In contrast, lower income countries such as India and Indonesia are still in a state of ‘demographic bonus’, with a large proportion of the population being working age. However, this is set to change, with fertility rates starting to decline, and we can expect the impact of ageing to mimic other established Asian economies.
With established and emerging Asian economies ageing at different speeds, we can expect different healthcare challenges in the years to come. Established Asia, with its burgeoning elderly population, must continue to sustain healthcare privileges for its citizens. On the other hand, emerging Asia is ‘growing old before getting rich’, and it is not yet clear how such economies will achieve basic healthcare provision for their rapidly ageing societies amidst fragmented healthcare infrastructure, limited public health expenditure and escalating healthcare costs. To this end, it is important to consider the potential implications of ageing on overall disease burden.
The growing burden of non-communicable diseases
Although infectious diseases still prevail across emerging Asia, chronic and degenerative diseases are imposing a greater socio-economic burden. For instance, cardiovascular diseases account for the highest number of mortalities amongst Chinese and Indian populations; the prevalence in these two countries alone is already higher than in other, more developed countries.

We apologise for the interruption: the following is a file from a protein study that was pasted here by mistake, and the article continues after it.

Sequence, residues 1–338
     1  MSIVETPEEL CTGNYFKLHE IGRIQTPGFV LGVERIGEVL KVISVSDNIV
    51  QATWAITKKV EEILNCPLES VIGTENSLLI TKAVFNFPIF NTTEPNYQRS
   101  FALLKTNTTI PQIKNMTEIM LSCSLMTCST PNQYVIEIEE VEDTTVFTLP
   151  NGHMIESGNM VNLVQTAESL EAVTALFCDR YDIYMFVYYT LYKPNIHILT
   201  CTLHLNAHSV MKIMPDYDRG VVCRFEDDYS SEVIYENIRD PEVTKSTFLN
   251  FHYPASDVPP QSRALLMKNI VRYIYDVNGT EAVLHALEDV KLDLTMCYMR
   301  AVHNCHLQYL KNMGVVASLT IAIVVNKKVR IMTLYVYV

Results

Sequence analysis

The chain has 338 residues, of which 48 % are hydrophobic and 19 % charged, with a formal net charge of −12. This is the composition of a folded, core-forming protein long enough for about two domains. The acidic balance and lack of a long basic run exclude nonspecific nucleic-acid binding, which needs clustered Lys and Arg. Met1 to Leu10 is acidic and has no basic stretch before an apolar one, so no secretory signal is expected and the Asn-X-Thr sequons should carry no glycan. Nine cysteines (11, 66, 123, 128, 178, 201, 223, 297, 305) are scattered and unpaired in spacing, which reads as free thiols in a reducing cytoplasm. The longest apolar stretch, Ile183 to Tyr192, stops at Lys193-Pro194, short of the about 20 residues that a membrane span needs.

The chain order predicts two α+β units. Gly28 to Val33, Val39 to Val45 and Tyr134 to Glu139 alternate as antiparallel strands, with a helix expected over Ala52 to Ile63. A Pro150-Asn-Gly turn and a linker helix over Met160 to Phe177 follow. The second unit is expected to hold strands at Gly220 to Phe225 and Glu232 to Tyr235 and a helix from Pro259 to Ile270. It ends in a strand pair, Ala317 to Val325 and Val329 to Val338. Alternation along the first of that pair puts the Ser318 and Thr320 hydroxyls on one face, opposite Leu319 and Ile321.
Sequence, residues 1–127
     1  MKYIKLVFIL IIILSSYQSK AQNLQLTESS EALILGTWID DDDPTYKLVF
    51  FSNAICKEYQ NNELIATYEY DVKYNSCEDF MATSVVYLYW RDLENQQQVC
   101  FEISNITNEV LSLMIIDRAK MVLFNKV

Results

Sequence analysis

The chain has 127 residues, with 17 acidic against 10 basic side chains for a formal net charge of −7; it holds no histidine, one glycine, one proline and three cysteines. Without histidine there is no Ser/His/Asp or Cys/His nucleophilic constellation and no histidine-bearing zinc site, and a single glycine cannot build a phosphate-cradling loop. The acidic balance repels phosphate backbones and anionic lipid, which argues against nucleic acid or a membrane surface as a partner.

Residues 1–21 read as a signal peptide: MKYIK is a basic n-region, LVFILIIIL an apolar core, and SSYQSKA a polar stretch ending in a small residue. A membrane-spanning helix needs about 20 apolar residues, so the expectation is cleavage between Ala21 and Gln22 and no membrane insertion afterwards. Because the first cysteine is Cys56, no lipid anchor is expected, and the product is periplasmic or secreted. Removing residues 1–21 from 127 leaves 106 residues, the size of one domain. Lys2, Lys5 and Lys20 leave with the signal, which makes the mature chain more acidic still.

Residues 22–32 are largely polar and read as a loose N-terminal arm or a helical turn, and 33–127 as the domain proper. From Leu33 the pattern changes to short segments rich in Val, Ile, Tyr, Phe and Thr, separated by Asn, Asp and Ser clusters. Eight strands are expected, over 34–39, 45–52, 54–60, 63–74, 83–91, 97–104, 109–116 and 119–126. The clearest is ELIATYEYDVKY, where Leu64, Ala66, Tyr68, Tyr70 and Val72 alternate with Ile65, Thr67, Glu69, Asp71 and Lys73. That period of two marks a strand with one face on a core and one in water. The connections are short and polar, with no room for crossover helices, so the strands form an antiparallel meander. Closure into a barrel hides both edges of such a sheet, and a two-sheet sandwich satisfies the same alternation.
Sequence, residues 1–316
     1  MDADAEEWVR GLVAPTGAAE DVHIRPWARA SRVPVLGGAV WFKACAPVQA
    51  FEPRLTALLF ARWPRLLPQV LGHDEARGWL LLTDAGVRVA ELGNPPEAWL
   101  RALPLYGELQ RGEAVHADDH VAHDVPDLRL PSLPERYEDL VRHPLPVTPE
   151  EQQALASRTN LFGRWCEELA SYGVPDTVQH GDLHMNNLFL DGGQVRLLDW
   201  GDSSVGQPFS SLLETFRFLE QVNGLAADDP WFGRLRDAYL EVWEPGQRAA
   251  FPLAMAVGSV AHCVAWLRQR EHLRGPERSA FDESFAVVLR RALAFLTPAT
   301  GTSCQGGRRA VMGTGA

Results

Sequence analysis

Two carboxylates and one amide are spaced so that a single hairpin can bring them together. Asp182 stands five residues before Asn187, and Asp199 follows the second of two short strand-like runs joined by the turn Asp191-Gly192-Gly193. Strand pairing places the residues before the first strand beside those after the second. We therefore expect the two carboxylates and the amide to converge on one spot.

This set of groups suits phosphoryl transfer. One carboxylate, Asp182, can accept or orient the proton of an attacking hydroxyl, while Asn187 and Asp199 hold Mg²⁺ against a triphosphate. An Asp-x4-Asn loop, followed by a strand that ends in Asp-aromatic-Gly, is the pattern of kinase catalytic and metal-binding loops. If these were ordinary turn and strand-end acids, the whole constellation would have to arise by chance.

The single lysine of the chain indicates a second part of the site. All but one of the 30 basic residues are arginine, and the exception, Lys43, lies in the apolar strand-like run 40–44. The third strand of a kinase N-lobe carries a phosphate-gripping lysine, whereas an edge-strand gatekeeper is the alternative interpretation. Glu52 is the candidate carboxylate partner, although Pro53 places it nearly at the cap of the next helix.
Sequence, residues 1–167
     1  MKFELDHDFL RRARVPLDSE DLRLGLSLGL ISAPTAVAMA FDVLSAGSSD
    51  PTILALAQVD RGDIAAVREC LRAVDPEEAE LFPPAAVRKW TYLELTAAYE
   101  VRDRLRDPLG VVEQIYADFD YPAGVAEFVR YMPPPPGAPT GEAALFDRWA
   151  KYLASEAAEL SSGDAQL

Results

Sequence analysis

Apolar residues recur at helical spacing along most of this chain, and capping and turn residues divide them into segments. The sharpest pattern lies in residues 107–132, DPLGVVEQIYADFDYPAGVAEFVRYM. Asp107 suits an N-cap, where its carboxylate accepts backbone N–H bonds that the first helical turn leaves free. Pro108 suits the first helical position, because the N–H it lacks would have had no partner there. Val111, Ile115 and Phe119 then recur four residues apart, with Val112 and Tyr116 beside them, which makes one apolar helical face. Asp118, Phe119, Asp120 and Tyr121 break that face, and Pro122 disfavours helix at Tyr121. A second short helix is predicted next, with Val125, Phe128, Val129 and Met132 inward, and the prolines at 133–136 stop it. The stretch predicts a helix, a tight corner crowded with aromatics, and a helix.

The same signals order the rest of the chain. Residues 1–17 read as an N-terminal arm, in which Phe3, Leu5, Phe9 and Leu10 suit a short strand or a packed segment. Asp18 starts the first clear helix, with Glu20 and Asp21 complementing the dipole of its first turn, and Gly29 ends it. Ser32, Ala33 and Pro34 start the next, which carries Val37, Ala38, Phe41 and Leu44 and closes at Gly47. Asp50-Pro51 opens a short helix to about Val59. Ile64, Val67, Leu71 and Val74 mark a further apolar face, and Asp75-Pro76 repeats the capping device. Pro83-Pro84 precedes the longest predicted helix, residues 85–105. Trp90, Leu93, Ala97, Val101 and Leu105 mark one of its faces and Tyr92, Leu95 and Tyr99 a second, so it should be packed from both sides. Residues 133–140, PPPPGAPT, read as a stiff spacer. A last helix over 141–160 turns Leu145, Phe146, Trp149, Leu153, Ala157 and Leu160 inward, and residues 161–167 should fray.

It can be argued that a rise in urban dwellings is changing Asian societies – Asia has witnessed a 100% rise in its urban population aged 60 and above in the last decade, significantly higher than the 30% increase in its rural population of a similar age group. With increased employment opportunities and household expenditure, urbanization has remodeled lifestyles among middle-to-upper-income groups. Sedentary lifestyles and unhealthy dietary habits have become a common feature of urbanization around the world and Asia is no exception. The incidence of obesity and diabetes is rapidly increasing among the elderly, while other chronic conditions, including COPD and arthritis, will increase in coming decades.
The burden of debilitating neurodegenerative conditions, such as Alzheimer’s disease and Parkinson’s disease, will also increase as people live longer. Although Asia has a long-held tradition of family and community support for the elderly, increasing urbanization and evolving family structures look set to leave fewer young adults to provide care for their elders, so it will fall to the healthcare system to attend to their needs.
Due to the one-child policy in China, for example, there are numerous ‘4-2-1’ families, where two adults support four elderly parents and their own child. At the same time, increased spending power among middle-to-upper-income groups has resulted in a considerable number of nuclear families paying for healthcare providers or care home facilities to look after elderly family members. China already has the highest reported cases of dementia in the world and, with the pace and scale of ageing among its population, it is likely to witness more consequences on its healthcare resources than any other emerging market.